With the shop opening and all the little tasks that go along starting up a new business… we’ve been busy! What with figuring out how to best handle inventory, run the cash register and find cool stuff to go into the shop… it’s been forever since I’ve sat at my sewing machine or held a paintbrush.
That’s a sad thing.
So the other day when I found this charming little chest at a thrift shop, I snapped it up and hauled it back to the shop (OK, I got it in the Rav, but sweet-talked Jeff into unloading once I got back to the shop…) Jeff was suitably impressed with my find, and very agreeable that I would get to be the one to do the painting!! Jeff’s done all the painting of furniture since we’ve opened… I wanted a fun project for myself!
Here’s the chest (almost) when I got it into the shop. It was actually in OK condition as is. There were some nicks and white paint showing through, which might have been intentional. I liked the color. Three of the round medallions at the corners weren’t attached – they were stashed in one of the drawers. Along with some still-in-the-wrapper bandaids. Jeff reattached the medallions with some of his super-fine adhesive.
I think you all know, left to my own devices, I would have hot-glued that business back together.
Nevertheless… I wanted a paint project! One of the reasons I was attracted to this piece was because of all the details with the flower banners on the drawer fronts, the medallions, the grooves…. all great stuff when working on a shabby, chalk paint project.
I took a look at what paint we had around the shop and checked out Pinterest to figure out what direction to take it. Left to my own devices, it would have ended up a nice, light grey (Annie Sloan French Linen is my favorite grey) with some whitewashing layered on top. But…. I know I can get a little boring. I thought I’d try an actual color.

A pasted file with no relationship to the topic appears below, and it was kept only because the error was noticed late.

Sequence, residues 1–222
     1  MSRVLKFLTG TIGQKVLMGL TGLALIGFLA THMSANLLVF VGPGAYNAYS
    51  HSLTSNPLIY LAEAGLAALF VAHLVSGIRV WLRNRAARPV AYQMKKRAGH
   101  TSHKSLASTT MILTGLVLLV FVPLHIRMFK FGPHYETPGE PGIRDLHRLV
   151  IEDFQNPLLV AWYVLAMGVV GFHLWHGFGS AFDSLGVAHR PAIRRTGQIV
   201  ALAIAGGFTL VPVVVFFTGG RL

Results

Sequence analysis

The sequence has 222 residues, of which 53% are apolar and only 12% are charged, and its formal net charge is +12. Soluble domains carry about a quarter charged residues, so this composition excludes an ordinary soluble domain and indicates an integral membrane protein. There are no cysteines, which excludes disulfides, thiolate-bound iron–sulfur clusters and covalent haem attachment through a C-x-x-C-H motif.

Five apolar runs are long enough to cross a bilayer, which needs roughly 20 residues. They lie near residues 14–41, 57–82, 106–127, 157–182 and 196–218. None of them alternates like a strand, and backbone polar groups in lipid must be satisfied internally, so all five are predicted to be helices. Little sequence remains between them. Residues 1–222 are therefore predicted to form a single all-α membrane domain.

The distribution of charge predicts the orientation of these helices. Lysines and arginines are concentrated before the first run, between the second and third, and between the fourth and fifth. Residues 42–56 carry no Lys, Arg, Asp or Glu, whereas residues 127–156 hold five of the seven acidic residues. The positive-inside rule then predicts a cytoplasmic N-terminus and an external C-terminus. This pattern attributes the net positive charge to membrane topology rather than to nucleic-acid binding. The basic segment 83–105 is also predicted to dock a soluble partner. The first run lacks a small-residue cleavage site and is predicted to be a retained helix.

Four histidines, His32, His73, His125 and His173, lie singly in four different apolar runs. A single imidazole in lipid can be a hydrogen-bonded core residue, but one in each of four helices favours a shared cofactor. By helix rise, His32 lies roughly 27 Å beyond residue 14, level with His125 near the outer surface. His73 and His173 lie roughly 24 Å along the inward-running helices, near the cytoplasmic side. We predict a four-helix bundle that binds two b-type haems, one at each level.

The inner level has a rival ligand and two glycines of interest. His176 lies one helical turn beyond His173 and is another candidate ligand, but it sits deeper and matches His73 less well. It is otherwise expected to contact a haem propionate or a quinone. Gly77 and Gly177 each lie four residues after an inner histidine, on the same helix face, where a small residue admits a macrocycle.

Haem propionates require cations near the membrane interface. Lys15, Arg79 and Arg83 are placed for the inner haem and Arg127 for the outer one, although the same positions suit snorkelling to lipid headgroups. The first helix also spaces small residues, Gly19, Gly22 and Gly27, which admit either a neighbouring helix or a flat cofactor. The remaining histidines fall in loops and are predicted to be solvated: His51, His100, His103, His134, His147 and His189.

I found this picture of an antique Swedish Mora clock and was inspired.
[image | Tongue in Cheek]
Lucky day – one of the almost-full paint cans was Annie Sloan’s Aubusson Blue. Perfect!
I started out by removing the knobs and painting the dresser and drawer fronts with a fairly thin coat of Aubusson blue. There were lots of spots where the original mint green showed through. After the paint dried (about an hour) I used a wet rag to reveal a bit more of the green – mostly around the edges of the flat surfaces, where wear would normally occur.
Next I dry brushed the heck out the whole thing with Annie Sloan French Linen, again in the spots that would have seem more wear. I also dry brushed extensively on the moldings and other bumpy decorative parts – the French Linen really highlighted the detail – almost as if I was using white paint.
One note for dry brushing – I’ve tried a bunch of different techniques and finally came up with one I really like. For my main brush, I used a Purdy 1.5″ wide nylon bristle brush. I shook up the paint can (with the top on) to get lots of paint on the lid, then took my paint from the lid by barely dipping in the tips of the bristles. I also had a much wider brush in the other hand – more like a 2 or 2.5″ brush with natural bristles. Before dry brushing, I’d ‘dry’ the bristles of the smaller brush with the wet paint by brushing the bristles of each paint brush against each other. Then I’d dry brush away, using the larger natural bristled brush to feather and really spread out the paint if it went on too heavy. I really liked the technique a lot!
Here’s what it looked like after finishing the dry brushing.